Shadows on the wall: Organizational culture and change



Part 1
ORGANIZATIONAL culture is an organization’s way of life. It is “a system of shared assumptions, values, and beliefs, which governs how people behave in organizations.” Based on this culture system, the organization has its unique way of “doing things” evident in its policies and practices. This culture is shown in how organizational constituents“communicate, dress and act and perform in their jobs.” It shows how they regard authority, “power relationships, conventions, conflict management processes, dispute resolution processes.”
< B3.cfm>How tight the culture is, how deeply the cultural elements are embedded in the psyche of organizational constituents, influences their fanatical adherence to their practices no matter what.They won’t attempt to benchmark and borrow best practice or innovate as maybe called for, by a changing environment. The sum total of a culture translates in the “readiness and responsiveness”of its constituents to change, their “resistance to change;” and the “results of the transformation” as well.

“Transformation alters the culture of the institution by changing select underlying assumptions and institutional behaviors, processes, and products.” Changing, organizational culture “ is the principal means in preparing an environment for transformation, a yardstick for assessing whether or not a transformational change has actually taken place, and a means of achieving the desired results of an innovation.” When constituents are “able to address issues of institutional culture in their strategic planning,” it is more likely “that transformation happens.”<>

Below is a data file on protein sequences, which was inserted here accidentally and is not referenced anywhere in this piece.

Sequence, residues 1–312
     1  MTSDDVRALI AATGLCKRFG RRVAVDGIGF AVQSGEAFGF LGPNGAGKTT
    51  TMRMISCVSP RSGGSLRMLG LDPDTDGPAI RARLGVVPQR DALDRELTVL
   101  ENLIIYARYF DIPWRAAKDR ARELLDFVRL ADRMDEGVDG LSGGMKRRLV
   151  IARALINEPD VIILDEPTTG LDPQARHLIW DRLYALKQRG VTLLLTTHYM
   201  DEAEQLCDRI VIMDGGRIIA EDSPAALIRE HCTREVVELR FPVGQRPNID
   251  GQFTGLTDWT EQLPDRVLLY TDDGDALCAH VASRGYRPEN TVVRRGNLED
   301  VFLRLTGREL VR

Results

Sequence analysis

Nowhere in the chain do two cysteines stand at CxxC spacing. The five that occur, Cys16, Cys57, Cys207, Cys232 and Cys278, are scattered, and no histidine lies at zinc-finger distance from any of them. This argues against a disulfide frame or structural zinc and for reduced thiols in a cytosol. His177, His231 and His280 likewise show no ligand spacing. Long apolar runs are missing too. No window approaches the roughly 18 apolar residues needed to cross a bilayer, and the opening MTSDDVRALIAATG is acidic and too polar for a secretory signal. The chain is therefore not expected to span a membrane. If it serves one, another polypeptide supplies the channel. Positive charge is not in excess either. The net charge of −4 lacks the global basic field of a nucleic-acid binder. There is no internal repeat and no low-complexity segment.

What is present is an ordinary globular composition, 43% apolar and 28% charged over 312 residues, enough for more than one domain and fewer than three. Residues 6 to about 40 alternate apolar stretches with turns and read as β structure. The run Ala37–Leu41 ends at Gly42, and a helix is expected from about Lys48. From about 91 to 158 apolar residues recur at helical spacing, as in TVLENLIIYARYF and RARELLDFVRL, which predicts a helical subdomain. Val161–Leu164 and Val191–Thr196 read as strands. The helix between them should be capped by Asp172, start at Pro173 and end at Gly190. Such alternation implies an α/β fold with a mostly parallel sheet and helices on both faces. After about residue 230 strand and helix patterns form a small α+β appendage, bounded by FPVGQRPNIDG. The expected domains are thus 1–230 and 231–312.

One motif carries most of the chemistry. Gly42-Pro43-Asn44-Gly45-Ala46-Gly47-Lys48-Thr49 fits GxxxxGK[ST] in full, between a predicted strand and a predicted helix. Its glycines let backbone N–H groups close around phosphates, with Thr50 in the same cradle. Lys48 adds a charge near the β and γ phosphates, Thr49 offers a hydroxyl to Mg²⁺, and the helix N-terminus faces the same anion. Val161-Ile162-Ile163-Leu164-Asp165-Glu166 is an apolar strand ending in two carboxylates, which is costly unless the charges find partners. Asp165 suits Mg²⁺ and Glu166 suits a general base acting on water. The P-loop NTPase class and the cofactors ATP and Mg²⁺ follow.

Culture sensitivity is a must.In a Management doctorate major in leadership and organization course, I have repeatedly suggested to my class to be aware of the way things are done, how they are done and why and be sensitive to these practices of the workplace they intend to be involved with.Such should be, whether as a higher up, as middle level, a ranked or unranked constituent. Indeed long lasting desirable change in an organization cannot be possible without understanding workplace culture.

Three kinds of constituents.There are three kinds of constituents in an organization. The first are likened to care takers; they prefer to maintain the status quo. They adhere to what they have been used to — such as policies and practices, even if such prove to be outdated or non-functional. The second, are the undertakers. Suspicious of initiatives, theybury ideas even before these ideas are born. Neither the red or deep blue sea will prod them to give these ideas a chance to see the light of day. The third kind are risk takers. They accept and act on studied risks.A studied risk is an educated risk; “a risk for which the calculated potential payoff outweighs the calculated possible loss, given the knowledge one has about the circumstances.” < 157411/what-does-educated-risk-mean>Changeentails risks. But studied risks help organizations successfully navigate and facilitate growth.